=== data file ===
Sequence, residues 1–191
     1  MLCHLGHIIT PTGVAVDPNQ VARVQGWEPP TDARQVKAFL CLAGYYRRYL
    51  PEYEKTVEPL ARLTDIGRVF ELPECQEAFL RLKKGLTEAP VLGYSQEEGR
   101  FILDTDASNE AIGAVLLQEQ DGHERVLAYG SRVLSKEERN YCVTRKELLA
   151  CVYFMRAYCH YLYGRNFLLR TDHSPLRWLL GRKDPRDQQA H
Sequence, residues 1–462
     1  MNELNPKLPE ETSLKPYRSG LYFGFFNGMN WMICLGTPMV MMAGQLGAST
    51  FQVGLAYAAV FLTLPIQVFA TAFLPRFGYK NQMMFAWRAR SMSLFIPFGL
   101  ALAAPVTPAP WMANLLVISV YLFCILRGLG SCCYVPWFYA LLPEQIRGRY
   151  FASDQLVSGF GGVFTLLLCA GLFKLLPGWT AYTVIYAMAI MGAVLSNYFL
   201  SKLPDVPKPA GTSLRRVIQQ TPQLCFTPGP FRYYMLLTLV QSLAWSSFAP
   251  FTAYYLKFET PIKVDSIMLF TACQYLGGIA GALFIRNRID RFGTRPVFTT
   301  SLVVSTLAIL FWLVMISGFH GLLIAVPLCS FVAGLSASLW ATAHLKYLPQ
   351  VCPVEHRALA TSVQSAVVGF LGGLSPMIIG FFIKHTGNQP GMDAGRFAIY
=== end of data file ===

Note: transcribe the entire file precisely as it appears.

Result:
Sequence, residues 1–191
     1  MLCHLGHIIT PTGVAVDPNQ VARVQGWEPP TDARQVKAFL CLAGYYRRYL
    51  PEYEKTVEPL ARLTDIGRVF ELPECQEAFL RLKKGLTEAP VLGYSQEEGR
   101  FILDTDASNE AIGAVLLQEQ DGHERVLAYG SRVLSKEERN YCVTRKELLA
   151  CVYFMRAYCH YLYGRNFLLR TDHSPLRWLL GRKDPRDQQA H
Sequence, residues 1–462
     1  MNELNPKLPE ETSLKPYRSG LYFGFFNGMN WMICLGTPMV MMAGQLGAST
    51  FQVGLAYAAV FLTLPIQVFA TAFLPRFGYK NQMMFAWRAR SMSLFIPFGL
   101  ALAAPVTPAP WMANLLVISV YLFCILRGLG SCCYVPWFYA LLPEQIRGRY
   151  FASDQLVSGF GGVFTLLLCA GLFKLLPGWT AYTVIYAMAI MGAVLSNYFL
   201  SKLPDVPKPA GTSLRRVIQQ TPQLCFTPGP FRYYMLLTLV QSLAWSSFAP
   251  FTAYYLKFET PIKVDSIMLF TACQYLGGIA GALFIRNRID RFGTRPVFTT
   301  SLVVSTLAIL FWLVMISGFH GLLIAVPLCS FVAGLSASLW ATAHLKYLPQ
   351  VCPVEHRALA TSVQSAVVGF LGGLSPMIIG FFIKHTGNQP GMDAGRFAIY